Sep 8, 2018
What is the purpose of an opinion?
I can honestly tell you, dear reader, I've never actually asked that question before. I've always just had opinions in the same way I've had blood and bones and organs. They're just in there, somewhere, doing their job, without me ever really needing to ask, "What is their job?"
This question wasn't the result of a divinely delivered insight. I arrived at this question after a year of deep consideration - a year of doubting the long-term merit of social media (Twitter, in particular) where Opinion operates as a kind of currency.
In fan-communities, such as pro-wrestling's, Opinion fuels the market, and everyone tries to buy (or be) a promising stock.
I've had plenty of opinions on hot-topics in recent pro-wrestling (often immediate, strong opinions), and yet I stopped myself from expressing them.
I "kept my opinions to myself", locking them in a safe housed in the recesses of my mind, opened only for close friends and loved ones who exist in my immediate, real world.
I did this not for fear of how my opinions would be received.
I did this because the act of "expressing my opinion" online has started to feel arbitrary. The actual value of "having an opinion", in today's age, has felt tangibly diminished to me.
It's as if social media crashed the intellectual market. There's just so many of them (and so many of them are interchangeable) that I struggle to justify adding another (even my own), especially if I'm not certain of its true purpose.
Even though I've begun watching and commenting on pro-wrestling again, I'm still compelled to maintain some distance.
I keep this distance, in part, because I've become deeply skeptical of the system that perpetuates the "modern wrestling fan". I want to ensure that my priorities, my thoughts, and my beliefs are actually my own, and not the result of social media's sly, feel-good, fan-empowering, fame-promising, reassurance-seeking echo chamber.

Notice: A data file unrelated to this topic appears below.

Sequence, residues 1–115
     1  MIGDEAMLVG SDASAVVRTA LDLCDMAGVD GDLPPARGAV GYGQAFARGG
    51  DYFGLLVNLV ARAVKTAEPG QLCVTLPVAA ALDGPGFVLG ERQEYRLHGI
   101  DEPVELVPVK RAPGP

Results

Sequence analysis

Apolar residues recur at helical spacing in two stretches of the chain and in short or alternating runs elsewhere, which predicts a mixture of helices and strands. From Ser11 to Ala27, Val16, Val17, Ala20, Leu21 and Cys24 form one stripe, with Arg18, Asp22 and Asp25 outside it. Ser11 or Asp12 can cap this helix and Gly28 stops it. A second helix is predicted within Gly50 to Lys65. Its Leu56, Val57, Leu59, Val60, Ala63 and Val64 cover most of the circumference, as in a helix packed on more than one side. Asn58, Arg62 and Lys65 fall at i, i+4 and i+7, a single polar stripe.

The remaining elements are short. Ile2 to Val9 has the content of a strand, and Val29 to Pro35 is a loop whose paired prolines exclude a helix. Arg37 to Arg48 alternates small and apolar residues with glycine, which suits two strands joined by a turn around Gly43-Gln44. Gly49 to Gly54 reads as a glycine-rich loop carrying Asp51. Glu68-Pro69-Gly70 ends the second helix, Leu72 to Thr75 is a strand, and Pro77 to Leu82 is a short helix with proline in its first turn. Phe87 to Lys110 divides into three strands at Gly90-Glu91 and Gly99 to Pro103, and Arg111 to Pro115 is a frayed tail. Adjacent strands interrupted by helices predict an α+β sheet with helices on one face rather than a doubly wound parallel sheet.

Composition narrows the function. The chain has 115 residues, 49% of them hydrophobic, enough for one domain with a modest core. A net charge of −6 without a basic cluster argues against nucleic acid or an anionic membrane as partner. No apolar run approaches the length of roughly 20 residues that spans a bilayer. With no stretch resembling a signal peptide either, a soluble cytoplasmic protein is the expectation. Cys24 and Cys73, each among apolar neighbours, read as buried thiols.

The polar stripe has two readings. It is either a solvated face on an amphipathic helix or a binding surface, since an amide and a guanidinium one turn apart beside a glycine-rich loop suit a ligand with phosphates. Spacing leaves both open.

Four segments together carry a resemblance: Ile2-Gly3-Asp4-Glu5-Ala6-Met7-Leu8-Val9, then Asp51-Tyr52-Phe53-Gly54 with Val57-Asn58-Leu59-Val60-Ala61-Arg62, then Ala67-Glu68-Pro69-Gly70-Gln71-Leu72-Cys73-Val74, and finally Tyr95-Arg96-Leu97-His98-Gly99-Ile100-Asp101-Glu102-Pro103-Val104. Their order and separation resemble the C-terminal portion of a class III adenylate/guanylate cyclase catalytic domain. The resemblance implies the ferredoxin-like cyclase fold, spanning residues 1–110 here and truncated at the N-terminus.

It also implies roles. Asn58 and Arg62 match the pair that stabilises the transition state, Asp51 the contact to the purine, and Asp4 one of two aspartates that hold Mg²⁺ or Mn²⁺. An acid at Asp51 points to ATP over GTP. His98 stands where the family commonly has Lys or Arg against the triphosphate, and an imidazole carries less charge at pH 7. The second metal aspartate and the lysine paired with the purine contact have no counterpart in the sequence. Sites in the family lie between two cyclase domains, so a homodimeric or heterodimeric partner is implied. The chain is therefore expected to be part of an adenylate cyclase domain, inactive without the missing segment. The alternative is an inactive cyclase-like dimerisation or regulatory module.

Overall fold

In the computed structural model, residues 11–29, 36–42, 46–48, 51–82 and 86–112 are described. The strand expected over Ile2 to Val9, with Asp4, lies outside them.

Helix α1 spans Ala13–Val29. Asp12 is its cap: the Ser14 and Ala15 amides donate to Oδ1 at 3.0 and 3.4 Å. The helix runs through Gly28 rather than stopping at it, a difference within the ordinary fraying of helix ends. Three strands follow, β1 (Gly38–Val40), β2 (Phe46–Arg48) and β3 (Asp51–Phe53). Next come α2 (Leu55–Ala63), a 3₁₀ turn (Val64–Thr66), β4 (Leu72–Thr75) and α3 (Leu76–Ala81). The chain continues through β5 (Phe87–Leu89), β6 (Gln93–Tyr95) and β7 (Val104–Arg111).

This system nudges us, little by little, to think less and react more - to regard our automatic emotional responses as not only our best option, but our only option, and inherently worthy of a platform.
Having been removed from that system for several months, I’ve experienced an overall improvement in my health and happiness. The lesson, therefore, is simple and convincing; persistent exposure to social media, and modern fandoms, is not healthy (despite the upsides).
This revelation, which may seem reductive at a glance, has led me to question my own automatic emotional responses - especially to “hot button issues”. I now run my thoughts through a few self-imposed filters before "putting them out there” or making a firm decision with my feelings. This is not a form of willful subjugation - it’s a form of genuine consideration (something social media, due to its very nature, does not inspire).
I question my automatic emotional responses, “hot takes”, and “ideas for angles” (which previously took the form of Tweets and posts), because I suspect they have their origins not in my own soul, but in the manipulative code of The Internet Wrestling Community.
So I'm dumping as much bad stock as I can before it's too late.
I'm doing this so that I might develop (or return to) a more human, honest, and original system of introspection and expression.
And that's what has led me to the question: what is the purpose of an opinion?
If I’m going to find a healthier, more honest way of articulating my views, then I should know the actual reason those views exist in the first place. Otherwise they’re not worth expressing. If I don’t know why I have opinions and I don’t know why they’re worth expressing, then I’m just going to rehash social media's mistake of assuming Opinion contains intrinsic value.